Warriors

Heading into unpredictable free agency, Myers hopes to retain Warriors' core

Heading into unpredictable free agency, Myers hopes to retain Warriors' core

OAKLAND -- Stephen Curry and Kevin Durant say they plan to be Warriors next season and beyond, both implying they are willing to offer the team financial flexibility to help retain the nucleus of the team that last week won the NBA Finals.

Durant on Monday reiterated his stance, according to ESPN, which reported the 6-foot-9 forward has decided to exercise the opt-out clause in his current contract to re-sign a short-term deal that would be at least $3.5 million less than the maximum.

Such a move would increase the chances of the Warriors keeping intact the core of the team by providing greater latitude to negotiate with upcoming free agents Andre Iguodala and Shaun Livingston.

The team’s core, in this instance, is composed of Draymond Green, Klay Thompson, Curry, Durant, Iguodala and Livingston.

Hearing the team’s superstars indicate they will prioritize continuity over the chance to earn every possible dollar may at least partially mitigate the task awaiting president/general manager Bob Myers.

“Any statement by any player expressing the fact that they like playing for our team and want to keep playing for our team is a positive,” he said Monday. “That’s certainly what you want. Those are all good things.”

Myers said the franchise hopes to do its part to make itself inviting to players, something it has succeeded in doing since Joe Lacob and Peter Guber bought the team in November 2010.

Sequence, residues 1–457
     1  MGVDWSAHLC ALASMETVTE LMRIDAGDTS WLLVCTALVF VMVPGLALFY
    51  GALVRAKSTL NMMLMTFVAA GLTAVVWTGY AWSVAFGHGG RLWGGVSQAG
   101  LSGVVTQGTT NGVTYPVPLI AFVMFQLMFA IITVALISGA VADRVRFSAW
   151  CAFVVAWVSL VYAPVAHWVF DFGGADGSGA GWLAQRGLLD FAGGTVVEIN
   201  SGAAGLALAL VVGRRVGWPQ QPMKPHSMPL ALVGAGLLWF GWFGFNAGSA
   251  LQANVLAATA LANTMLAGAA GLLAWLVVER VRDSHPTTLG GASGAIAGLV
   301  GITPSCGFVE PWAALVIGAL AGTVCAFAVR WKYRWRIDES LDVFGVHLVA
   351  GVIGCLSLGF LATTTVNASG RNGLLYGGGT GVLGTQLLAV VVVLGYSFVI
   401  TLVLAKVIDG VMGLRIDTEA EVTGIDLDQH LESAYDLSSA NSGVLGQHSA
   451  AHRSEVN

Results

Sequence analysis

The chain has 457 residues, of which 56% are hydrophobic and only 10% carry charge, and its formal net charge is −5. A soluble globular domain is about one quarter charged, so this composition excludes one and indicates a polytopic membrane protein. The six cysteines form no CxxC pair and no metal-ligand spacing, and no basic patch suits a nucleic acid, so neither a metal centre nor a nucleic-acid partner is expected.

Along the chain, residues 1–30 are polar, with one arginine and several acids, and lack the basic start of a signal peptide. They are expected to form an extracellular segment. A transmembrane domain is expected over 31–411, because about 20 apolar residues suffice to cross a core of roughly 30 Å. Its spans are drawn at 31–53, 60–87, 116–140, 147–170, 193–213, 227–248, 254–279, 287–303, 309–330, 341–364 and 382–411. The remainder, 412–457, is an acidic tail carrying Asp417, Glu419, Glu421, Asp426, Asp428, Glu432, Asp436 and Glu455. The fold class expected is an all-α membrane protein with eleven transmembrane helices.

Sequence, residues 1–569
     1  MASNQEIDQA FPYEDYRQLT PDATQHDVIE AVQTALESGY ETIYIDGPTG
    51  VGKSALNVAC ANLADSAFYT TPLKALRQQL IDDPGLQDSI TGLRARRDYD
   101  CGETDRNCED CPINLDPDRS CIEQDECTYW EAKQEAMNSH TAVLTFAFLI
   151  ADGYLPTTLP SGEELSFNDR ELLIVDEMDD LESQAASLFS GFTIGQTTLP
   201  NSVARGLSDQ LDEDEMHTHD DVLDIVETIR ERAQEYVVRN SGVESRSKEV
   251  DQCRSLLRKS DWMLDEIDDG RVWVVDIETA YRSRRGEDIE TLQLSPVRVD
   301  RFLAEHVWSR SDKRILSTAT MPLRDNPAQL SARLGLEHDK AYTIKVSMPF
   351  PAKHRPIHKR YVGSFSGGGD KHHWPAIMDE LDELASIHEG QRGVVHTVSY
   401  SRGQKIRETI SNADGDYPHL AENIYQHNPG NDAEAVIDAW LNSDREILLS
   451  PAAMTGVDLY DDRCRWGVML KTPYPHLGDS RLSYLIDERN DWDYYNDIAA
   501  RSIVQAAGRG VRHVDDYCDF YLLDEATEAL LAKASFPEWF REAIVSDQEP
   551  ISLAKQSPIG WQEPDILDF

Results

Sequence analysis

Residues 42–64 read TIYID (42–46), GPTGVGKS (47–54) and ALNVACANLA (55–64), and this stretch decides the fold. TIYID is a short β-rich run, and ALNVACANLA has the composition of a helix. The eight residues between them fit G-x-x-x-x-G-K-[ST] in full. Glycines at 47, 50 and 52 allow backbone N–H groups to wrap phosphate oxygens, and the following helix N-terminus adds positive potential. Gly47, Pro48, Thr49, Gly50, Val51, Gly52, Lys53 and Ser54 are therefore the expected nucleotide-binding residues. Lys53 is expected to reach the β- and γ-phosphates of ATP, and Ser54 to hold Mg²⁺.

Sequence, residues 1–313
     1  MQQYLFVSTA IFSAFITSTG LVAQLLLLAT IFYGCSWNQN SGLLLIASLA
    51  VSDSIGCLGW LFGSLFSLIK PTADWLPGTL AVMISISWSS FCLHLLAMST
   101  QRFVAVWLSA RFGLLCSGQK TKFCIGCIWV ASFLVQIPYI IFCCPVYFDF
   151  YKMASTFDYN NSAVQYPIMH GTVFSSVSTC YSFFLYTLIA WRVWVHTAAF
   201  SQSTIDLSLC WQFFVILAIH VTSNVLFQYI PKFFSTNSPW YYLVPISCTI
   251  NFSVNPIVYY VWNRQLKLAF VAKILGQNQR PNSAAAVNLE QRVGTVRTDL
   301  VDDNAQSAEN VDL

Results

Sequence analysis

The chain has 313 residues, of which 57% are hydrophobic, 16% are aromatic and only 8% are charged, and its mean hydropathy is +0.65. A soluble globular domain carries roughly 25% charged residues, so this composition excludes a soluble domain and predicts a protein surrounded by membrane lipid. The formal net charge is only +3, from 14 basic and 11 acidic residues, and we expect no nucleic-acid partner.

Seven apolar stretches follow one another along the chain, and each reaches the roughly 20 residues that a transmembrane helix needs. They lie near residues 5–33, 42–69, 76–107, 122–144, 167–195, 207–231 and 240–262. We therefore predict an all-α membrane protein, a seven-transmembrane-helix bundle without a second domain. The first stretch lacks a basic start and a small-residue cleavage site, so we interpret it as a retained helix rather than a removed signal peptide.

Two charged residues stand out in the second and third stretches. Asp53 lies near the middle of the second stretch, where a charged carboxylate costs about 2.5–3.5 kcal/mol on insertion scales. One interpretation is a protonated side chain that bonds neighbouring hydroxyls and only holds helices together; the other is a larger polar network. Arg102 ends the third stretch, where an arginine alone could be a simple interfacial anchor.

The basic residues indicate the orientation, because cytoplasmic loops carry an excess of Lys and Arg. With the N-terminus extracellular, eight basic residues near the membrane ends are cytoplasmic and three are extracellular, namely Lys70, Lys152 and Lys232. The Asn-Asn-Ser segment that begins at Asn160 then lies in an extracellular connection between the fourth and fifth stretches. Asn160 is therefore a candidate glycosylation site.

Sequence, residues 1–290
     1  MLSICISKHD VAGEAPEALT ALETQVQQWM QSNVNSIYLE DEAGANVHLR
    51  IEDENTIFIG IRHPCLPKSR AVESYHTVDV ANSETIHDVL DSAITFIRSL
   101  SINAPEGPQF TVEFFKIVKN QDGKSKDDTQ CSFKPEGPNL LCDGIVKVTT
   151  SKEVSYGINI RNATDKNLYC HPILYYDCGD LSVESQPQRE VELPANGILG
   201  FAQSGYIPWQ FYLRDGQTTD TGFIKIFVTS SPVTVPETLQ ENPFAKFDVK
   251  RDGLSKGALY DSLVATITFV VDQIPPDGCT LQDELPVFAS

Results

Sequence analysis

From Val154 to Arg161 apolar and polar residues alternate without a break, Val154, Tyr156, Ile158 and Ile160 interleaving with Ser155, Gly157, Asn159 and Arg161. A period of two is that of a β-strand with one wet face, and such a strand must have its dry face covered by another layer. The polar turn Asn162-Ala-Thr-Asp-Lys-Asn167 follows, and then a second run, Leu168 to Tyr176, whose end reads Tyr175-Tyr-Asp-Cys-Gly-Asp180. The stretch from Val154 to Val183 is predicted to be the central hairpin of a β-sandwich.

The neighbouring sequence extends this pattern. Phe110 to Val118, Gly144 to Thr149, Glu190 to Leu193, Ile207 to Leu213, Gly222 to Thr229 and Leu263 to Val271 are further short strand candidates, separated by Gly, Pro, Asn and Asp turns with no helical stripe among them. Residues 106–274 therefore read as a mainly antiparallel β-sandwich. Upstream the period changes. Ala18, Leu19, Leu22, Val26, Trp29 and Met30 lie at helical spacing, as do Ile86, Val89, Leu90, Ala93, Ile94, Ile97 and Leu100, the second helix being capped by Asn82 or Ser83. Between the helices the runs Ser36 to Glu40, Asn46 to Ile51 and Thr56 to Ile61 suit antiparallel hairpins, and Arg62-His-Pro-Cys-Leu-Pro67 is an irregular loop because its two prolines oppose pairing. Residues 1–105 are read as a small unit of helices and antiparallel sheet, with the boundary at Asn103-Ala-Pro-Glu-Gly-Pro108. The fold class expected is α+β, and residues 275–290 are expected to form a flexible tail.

It’s Lacob and Guber who will have the final say on whether team is able to retain all six members of the core.

“They’re going to be paying the luxury tax, so it’s just a matter of how much,” said one NBA front office executive. “They’ve not been making decisions based on cost, on saving money, so it’s possible they’ll do what it takes.

“It comes down to this: How much are they willing to pay out?”

Durant can opt out on June 29, and free agency opens July 1. By opting out, Durant would still get a 20 percent salary bump, to roughly $31.8 million, and the Warriors would not have to renounce Iguodala and Livingston, and would have Bird Rights to both veterans, giving them an advantage in re-signing both without a prohibitive penalty.

As for Curry, his salary won’t have any impact because all others will be in the fold before he gets the five-year “Super Max,” worth roughly $205 million.